Main Street Capital (NYSE:MAIN) has always been unique in its industry for being an investor and asset manager. It makes the majority of its revenue and earnings from managing its own money, but it also has a growing side business in managing other people's money.

For much of 2015, the company's executives have been looking for new ways to grow its asset management business. They may have finally found their answer.

Meet the senior loan fund
This wasn't exactly the route I expected Main Street Capital to go. As recently as the first quarter of 2015, Main Street's CEO, Vince Foster, downplayed the traditional senior loan fund as a way for the company to drive its earnings.

Speaking to analysts, Foster said that he didn't think the company would "be inclined to use one of the existing senior loan structures." By all appearances, however, Main Street is copying the senior loan fund model with a small, but lucrative, twist.

The press release suggests that Main Street Capital will invest $17 million for a 20% equity stake in the new senior loan fund. Its partner, Capital Southwest Corporation (NASDAQ:CSWC), will invest $68 million for the other 80%. The fund will be leveraged with debt, for leverage of up to 2 times debt to equity.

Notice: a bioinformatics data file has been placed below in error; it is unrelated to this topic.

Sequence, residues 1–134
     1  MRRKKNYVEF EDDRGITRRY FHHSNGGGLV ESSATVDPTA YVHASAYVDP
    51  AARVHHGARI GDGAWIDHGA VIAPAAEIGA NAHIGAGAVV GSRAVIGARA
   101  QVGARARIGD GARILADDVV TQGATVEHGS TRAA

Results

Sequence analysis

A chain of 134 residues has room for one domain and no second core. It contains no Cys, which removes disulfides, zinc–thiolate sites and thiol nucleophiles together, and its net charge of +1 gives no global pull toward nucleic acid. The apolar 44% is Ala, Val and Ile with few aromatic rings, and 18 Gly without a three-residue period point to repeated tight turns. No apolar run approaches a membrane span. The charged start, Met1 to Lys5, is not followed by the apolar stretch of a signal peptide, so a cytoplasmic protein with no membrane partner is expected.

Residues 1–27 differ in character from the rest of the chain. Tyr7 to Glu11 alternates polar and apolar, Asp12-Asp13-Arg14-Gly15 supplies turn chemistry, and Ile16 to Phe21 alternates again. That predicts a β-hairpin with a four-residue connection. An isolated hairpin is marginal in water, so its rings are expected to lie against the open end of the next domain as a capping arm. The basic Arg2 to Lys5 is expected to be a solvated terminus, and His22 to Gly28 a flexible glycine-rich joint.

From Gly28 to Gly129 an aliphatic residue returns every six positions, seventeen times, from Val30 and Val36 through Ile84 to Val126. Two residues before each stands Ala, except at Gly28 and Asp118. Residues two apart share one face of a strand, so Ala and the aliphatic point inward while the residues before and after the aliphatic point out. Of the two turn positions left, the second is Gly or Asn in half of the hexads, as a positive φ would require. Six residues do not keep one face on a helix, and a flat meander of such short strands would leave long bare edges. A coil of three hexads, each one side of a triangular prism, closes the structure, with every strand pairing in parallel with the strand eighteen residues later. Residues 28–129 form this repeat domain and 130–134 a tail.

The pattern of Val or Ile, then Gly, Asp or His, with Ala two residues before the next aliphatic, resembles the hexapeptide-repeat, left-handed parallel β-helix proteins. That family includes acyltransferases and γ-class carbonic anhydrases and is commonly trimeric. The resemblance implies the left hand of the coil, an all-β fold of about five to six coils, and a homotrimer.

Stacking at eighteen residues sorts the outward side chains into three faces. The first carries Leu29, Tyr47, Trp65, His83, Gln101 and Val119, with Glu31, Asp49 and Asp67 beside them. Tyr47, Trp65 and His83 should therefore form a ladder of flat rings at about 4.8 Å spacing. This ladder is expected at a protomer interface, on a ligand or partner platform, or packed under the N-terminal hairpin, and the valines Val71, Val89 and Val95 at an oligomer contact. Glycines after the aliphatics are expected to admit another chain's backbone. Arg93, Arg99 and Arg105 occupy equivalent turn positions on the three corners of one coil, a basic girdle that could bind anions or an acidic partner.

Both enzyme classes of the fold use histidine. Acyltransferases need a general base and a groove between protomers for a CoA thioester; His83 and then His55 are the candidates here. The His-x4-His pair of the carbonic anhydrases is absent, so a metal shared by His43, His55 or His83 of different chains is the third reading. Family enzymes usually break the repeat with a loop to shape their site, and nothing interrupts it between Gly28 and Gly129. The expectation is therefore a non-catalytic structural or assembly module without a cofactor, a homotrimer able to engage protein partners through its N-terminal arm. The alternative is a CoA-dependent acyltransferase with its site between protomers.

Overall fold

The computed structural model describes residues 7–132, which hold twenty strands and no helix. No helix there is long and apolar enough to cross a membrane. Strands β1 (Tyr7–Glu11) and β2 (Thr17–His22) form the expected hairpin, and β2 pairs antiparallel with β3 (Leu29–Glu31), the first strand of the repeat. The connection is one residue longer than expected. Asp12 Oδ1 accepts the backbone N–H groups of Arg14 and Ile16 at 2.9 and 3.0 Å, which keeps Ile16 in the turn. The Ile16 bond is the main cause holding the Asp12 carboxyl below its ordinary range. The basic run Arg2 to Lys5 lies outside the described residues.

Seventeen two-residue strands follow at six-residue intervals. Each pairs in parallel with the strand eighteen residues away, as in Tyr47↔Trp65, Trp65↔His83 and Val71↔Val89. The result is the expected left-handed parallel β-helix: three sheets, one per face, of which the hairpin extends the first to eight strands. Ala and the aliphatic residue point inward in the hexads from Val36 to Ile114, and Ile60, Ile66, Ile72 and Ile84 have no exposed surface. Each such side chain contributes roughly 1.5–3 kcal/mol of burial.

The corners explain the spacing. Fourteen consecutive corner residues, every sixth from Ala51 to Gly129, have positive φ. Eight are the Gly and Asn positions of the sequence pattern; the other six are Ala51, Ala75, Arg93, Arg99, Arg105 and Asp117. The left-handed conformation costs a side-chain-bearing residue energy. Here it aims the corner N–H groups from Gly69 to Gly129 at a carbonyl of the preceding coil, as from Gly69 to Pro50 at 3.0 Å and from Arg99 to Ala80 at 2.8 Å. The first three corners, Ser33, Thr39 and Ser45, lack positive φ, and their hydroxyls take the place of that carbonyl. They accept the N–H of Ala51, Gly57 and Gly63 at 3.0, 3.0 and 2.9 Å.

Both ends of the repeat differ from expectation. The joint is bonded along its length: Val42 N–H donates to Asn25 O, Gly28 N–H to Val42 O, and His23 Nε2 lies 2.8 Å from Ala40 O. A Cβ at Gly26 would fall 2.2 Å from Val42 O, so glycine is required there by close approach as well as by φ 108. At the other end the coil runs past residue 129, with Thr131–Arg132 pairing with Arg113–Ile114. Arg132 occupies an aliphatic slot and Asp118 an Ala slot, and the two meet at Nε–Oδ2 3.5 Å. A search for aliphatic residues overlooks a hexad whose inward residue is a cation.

But unlike most arrangements where the profits are split proportionately, Main Street Capital is getting better terms. Main Street Capital will put up only 20% of the equity investment in the joint venture, but receive 24.4% of the profits.

How it affects Main Street Capital
Senior loan funds dial up risk to boost returns. Whereas BDCs are typically limited to 1:1 leverage, senior loan funds held inside a BDC are usually levered as high as 2:1. The net result is that, once the capital is fully invested, BDCs tend to earn double-digit yields on their equity investment.

Ares Capital earned about 14% annualized return on its similar program in the first half of 2015. Fifth Street Finance's growing program generated an annualized return of just under 18% in its most recent quarter. Neither have a particularly lucrative arrangement like Main Street Capital, however, where the BDC collects a disproportionate share of the profits.

Senior loan funds obviously have their ups and downs. Their success is ultimately built on more leverage, which magnifies the gains and the losses in the underlying portfolio. But when you can negotiate a deal where you get a greater proportion of the profits relative to the amount of capital you invest, it's a no-brainer. 

It won't be needle-moving in the here and now, but if this is the blueprint for future deals, Main Street shareholders should be very pleased.